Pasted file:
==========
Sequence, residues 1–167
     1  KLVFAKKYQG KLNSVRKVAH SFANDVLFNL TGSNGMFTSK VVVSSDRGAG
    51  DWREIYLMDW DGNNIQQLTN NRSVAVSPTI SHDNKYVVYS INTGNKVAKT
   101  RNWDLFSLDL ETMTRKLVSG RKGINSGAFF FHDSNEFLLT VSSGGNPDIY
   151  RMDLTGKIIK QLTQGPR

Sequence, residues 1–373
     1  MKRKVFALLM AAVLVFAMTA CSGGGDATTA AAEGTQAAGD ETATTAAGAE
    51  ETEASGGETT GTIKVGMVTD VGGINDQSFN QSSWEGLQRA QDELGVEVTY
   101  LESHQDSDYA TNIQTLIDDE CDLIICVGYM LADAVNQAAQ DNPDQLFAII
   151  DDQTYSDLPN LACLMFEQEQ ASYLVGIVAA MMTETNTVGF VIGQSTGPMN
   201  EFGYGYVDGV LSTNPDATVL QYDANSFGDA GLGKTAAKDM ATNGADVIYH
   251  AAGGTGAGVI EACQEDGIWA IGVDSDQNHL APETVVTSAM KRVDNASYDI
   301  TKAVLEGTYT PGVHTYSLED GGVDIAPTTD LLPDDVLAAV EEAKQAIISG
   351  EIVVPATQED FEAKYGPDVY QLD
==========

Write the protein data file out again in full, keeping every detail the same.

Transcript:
Sequence, residues 1–167
     1  KLVFAKKYQG KLNSVRKVAH SFANDVLFNL TGSNGMFTSK VVVSSDRGAG
    51  DWREIYLMDW DGNNIQQLTN NRSVAVSPTI SHDNKYVVYS INTGNKVAKT
   101  RNWDLFSLDL ETMTRKLVSG RKGINSGAFF FHDSNEFLLT VSSGGNPDIY
   151  RMDLTGKIIK QLTQGPR

Sequence, residues 1–373
     1  MKRKVFALLM AAVLVFAMTA CSGGGDATTA AAEGTQAAGD ETATTAAGAE
    51  ETEASGGETT GTIKVGMVTD VGGINDQSFN QSSWEGLQRA QDELGVEVTY
   101  LESHQDSDYA TNIQTLIDDE CDLIICVGYM LADAVNQAAQ DNPDQLFAII
   151  DDQTYSDLPN LACLMFEQEQ ASYLVGIVAA MMTETNTVGF VIGQSTGPMN
   201  EFGYGYVDGV LSTNPDATVL QYDANSFGDA GLGKTAAKDM ATNGADVIYH
   251  AAGGTGAGVI EACQEDGIWA IGVDSDQNHL APETVVTSAM KRVDNASYDI
   301  TKAVLEGTYT PGVHTYSLED GGVDIAPTTD LLPDDVLAAV EEAKQAIISG
   351  EIVVPATQED FEAKYGPDVY QLD